Why that story?
Because it’s something that, for me, as a musician, as a songwriter, that was the subject that I felt most moved to write about. It’s the thing which concerns me more than anything else. How the 21st Century, the proliferation of reality tv, the proliferation of gadgets, the proliferation of the internet, of cell phones, of iPods, PlayStations, ‘American Idol,’ ‘Big Brother’—how do all of these things affect the kind of developing mind, the nascent mind?
What kind of kids are we creating with this kind of diet, this incredible white noise of information, gadgets and drugs and violence and pornography and news and all this stuff? I feel it too. I don’t think I’m immune from it. I think we’re all suffering from this incredible overload of information that we have now in the 21st Century.
I don’t read nearly as much as I used to when I was a kid, and when I do read, I find it very hard to concentrate on a book for anything more than two or three pages. And that never used to be the case for me when I was a teenager, but now I find there’s so much distraction in the modern world that my concentration span is that much shorter, my attention span is that much shorter.
But at least I have some context for that and I remember how it used to be. For kids growing up now, being born into this world, that’s all they will ever know. This is a real deep concern for me, and that’s why I wanted to explore that subject in the album.
Do you feel like it’s an expansion on the theme of a sound like “The Sound Of Muzak” off of In Absentia?
Yes, absolutely. “Sound Of Muzak” was all about the overload of music, the proliferation of music, download culture and how all those things, genre and record company marketing tactics, MTV and all those things have gradually eroded away what’s so special about music and what was the soul of music. I suppose Fear Of A Blank Planet is an expansion of that idea in a way. It’s relating it more to all aspects of the world we live in and all aspects of life in the 21st Century rather than just specifically focusing on music.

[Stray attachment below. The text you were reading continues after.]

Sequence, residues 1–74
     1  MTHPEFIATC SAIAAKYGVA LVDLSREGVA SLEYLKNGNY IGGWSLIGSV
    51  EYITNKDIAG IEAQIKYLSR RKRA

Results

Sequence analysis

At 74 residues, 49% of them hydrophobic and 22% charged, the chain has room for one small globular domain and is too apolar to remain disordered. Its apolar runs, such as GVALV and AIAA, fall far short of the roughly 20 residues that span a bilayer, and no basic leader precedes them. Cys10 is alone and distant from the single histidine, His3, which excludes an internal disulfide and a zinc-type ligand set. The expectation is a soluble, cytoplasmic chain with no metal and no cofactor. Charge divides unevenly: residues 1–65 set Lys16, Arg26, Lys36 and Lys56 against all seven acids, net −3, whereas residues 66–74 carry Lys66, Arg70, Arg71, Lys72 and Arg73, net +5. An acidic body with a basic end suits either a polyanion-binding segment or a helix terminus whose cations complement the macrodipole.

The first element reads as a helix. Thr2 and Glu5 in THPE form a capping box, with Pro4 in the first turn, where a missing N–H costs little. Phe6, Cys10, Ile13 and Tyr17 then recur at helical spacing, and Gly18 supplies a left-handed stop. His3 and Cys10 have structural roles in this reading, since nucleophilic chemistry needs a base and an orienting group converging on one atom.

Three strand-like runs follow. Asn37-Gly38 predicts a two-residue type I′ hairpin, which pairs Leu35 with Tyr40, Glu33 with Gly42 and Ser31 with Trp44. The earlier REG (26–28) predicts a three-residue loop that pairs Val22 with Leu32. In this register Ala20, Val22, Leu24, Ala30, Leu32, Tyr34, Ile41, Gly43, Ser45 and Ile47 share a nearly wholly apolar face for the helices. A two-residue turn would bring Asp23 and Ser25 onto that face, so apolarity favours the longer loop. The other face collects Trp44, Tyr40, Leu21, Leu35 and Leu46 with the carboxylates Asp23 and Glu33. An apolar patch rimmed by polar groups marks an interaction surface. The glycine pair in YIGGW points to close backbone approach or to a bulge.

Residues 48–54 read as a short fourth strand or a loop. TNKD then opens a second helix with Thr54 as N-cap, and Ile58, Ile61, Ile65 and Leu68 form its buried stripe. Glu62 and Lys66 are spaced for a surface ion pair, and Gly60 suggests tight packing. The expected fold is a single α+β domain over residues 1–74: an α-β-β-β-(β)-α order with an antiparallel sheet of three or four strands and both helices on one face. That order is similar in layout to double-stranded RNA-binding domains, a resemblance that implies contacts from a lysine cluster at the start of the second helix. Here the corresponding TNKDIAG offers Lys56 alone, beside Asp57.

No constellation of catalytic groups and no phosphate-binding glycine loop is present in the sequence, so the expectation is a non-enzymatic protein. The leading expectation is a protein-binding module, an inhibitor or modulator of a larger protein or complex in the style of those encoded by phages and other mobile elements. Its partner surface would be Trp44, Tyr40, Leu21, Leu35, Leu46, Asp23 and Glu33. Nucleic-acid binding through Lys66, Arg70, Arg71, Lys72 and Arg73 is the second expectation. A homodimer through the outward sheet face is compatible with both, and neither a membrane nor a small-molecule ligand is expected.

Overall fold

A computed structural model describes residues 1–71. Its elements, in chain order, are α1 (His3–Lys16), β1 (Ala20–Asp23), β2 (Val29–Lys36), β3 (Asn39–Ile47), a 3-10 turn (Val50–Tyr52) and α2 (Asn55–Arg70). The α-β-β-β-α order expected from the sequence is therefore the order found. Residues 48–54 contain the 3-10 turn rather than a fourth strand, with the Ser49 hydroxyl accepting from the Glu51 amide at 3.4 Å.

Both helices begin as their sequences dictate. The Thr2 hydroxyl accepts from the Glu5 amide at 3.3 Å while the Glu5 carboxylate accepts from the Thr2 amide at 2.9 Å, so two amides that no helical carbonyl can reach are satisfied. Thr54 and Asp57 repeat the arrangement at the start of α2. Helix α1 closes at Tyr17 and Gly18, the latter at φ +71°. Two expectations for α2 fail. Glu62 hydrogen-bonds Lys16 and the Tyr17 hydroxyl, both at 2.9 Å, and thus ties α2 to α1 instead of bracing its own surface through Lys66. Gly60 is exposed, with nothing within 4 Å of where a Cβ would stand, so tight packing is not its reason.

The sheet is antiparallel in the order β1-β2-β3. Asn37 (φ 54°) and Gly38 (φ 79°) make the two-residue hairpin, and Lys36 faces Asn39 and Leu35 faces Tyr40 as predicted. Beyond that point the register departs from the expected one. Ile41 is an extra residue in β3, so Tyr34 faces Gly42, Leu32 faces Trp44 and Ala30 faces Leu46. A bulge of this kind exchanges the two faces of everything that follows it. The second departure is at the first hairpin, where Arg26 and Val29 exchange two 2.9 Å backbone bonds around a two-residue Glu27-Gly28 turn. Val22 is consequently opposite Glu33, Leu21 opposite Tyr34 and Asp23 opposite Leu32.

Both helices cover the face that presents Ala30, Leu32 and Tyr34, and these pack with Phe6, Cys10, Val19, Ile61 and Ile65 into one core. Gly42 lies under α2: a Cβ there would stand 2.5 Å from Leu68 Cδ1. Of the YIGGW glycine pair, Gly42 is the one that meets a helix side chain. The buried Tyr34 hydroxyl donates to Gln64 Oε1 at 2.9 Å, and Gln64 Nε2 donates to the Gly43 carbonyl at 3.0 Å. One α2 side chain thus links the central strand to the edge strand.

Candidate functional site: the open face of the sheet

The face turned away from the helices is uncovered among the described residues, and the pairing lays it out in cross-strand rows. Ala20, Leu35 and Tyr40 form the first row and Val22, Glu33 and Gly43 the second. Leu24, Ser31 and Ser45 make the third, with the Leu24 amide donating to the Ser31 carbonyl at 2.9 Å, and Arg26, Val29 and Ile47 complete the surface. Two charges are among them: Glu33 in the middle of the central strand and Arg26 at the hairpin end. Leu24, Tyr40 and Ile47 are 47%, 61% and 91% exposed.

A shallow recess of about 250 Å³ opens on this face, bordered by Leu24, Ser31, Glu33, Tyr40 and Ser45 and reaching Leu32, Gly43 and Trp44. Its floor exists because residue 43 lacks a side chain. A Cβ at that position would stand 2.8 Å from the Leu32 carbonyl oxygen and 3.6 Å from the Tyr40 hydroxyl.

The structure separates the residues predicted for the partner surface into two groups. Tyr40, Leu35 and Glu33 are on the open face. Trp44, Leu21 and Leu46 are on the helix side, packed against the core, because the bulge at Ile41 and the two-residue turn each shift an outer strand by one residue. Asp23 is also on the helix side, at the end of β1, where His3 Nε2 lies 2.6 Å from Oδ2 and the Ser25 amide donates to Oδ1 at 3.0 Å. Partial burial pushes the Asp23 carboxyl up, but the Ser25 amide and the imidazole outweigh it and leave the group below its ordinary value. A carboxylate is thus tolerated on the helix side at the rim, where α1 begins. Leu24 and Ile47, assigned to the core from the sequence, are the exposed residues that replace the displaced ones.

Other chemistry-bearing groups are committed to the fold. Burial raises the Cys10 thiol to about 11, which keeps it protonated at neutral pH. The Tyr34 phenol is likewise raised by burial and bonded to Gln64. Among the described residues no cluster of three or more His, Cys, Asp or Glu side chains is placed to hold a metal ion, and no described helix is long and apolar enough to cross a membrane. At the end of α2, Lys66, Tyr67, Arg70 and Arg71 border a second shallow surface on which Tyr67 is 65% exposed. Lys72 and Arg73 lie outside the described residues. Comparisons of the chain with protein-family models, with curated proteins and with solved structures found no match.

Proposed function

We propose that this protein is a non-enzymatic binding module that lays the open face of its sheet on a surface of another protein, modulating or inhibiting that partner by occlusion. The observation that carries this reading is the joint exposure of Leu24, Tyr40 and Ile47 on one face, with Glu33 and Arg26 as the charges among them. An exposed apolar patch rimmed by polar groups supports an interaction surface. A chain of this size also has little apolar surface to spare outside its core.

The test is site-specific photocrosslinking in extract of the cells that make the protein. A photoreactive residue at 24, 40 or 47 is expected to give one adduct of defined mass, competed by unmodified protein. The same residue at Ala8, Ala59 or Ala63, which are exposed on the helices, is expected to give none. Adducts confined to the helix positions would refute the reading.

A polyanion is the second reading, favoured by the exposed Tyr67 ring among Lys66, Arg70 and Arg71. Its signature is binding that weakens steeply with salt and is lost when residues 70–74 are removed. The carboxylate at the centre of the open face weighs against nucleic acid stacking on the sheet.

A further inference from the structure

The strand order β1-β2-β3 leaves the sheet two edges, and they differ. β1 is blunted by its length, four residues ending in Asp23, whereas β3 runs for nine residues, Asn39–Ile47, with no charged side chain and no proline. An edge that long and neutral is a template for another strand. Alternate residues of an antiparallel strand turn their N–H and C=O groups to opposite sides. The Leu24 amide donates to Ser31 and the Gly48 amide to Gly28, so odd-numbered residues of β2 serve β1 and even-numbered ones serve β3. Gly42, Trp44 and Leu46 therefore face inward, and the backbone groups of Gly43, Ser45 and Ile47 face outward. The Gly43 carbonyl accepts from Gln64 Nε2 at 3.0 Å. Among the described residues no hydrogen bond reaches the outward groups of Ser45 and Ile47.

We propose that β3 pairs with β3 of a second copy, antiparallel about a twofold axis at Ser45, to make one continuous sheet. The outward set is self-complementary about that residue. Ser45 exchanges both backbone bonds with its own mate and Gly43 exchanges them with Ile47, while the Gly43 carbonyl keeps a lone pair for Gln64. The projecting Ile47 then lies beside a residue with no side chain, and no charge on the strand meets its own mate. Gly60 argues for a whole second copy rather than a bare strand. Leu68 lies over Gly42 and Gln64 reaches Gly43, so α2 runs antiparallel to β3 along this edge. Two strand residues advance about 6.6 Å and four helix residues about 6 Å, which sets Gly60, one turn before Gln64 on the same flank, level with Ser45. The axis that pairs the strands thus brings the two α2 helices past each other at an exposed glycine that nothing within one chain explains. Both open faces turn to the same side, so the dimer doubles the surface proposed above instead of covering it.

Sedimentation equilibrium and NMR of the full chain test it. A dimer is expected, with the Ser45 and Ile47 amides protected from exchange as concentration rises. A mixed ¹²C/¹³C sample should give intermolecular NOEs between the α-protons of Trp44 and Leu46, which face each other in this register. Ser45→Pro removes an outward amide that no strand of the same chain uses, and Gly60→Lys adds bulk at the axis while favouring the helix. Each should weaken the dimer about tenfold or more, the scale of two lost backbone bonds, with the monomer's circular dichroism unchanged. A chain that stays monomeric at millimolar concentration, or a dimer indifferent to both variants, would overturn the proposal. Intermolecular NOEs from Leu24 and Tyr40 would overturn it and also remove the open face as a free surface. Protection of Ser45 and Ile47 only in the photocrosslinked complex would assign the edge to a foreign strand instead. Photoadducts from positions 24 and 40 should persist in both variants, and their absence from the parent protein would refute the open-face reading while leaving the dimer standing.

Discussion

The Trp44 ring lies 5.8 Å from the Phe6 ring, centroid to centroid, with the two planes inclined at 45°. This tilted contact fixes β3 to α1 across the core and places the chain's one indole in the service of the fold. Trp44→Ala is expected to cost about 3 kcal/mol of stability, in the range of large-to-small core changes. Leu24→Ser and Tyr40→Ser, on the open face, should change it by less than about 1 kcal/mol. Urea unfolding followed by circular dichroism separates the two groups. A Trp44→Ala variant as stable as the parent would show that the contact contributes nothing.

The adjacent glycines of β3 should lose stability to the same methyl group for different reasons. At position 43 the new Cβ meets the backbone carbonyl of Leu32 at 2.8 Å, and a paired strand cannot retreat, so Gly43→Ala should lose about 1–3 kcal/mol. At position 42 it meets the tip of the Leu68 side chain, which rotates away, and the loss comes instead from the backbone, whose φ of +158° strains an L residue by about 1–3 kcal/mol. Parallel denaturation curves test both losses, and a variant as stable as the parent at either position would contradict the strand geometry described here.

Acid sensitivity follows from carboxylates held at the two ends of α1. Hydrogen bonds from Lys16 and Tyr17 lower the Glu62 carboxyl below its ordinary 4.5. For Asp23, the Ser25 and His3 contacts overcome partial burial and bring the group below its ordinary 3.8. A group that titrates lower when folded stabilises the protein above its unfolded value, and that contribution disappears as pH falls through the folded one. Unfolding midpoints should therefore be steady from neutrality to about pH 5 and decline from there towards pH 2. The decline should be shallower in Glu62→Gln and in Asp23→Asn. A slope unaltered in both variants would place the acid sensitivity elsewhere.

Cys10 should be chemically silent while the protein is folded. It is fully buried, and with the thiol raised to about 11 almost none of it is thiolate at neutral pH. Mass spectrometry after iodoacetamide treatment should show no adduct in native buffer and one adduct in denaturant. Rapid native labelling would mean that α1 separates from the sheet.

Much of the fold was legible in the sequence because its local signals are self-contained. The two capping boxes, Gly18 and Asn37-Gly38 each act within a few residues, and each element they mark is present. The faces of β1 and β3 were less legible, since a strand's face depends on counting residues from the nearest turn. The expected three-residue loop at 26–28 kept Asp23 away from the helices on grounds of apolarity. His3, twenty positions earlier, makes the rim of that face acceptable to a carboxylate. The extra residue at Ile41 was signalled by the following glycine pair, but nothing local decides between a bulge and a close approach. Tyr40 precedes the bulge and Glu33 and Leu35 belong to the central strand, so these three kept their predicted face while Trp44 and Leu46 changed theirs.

How did the track ‘Anesthetize’ come about?
Originally, when I had the idea for the long-scale, continuous piece of music for the album, I was going to try to write everything as a development from a single idea. What I mean by that is I was going to come up with an original theme or an original musical idea and try to extrapolate the whole album out of that idea.
I thought at the time that was going to be the way to do it. As it was, I hit a brick wall at about 17 minutes (laughs), and that became the track ‘Anesthetize.’
I got to about the 17-minute mark, and it just seemed complete. I didn’t want to keep adding things to it. But that track was the first track written for the record, and that was the one where I did attempt that. That piece all grew from the one original theme, the one original harmonic chord progression, and everything in that track is extrapolated from that basic melody and that basic idea, but of course, by the end of the track, it’s morphed so much that it has no relation to that original idea. I like that concept. I like that idea.
It’s interesting to create and set parameters for yourself to write within, but it was a very painful process. It took me about a month just to write those 17 minutes of music.
Since it was first and the outcome from that writing experiment, is that what made you put it as the centerpiece of the album?
Yeah. It’s in the middle of the record and it’s obviously the longest piece. It’s probably got the most ideas and the most complexity in it, and I think for a lot of people, it’ll probably represent the highlight of the record. It was kind of the highlight for me.
Fear Of A Blank Planet is available now through Atlantic Records. Catch Porcupine Tree live at Nokia Theatre in NYC on May 19 and the Electric Factory in Philadelphia on May 23. For more info, check out porcupinetree.com